oil rig and derrickFor decades now, companies, especiallythose that are in the commodities business or depend heavily oncommodities, have been hedging. Until recently, it was hard forinvestors and analysts to understand how companies used contracts.But in 2008, the Financial Accounting Standards Board's Rule 161required public companies to classify derivatives in their publicfilings as either hedging vehicles or non-hedgederivatives.

A team of academic accountants recently examined the filings of87 oil and gas companies and found a remarkable amount of thecompanies' hedging was actually economic, or speculative, innature. According to their paper, “More than six out of every ten firms studied actuallyuse the instruments for purposes other than managing risks.”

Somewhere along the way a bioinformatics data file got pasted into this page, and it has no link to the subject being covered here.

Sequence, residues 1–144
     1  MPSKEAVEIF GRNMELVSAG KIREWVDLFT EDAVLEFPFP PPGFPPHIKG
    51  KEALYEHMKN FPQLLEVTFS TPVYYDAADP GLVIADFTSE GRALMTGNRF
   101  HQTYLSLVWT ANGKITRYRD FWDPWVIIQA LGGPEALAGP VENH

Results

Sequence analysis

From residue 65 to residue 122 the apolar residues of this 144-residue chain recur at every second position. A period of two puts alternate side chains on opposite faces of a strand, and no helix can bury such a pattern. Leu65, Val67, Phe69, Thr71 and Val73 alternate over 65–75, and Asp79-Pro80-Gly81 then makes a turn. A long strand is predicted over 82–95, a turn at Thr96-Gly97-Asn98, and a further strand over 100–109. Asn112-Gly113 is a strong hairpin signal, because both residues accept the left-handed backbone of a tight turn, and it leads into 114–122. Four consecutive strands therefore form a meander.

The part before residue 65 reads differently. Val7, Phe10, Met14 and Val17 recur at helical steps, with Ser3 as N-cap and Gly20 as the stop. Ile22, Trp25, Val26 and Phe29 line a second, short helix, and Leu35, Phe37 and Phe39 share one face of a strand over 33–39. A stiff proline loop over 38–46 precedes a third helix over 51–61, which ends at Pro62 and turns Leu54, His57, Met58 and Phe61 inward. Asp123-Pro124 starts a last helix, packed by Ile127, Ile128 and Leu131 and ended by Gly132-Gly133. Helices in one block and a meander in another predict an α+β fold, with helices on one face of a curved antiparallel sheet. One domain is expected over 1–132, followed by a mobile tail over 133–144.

Swaminathan Sridharan, one of the study's authors and aprofessor of accounting at Northwestern University's KelloggSchool, was surprised at the finding. “Some 62% of hedges in theoil and gas industry don't qualify for hedge accounting.”

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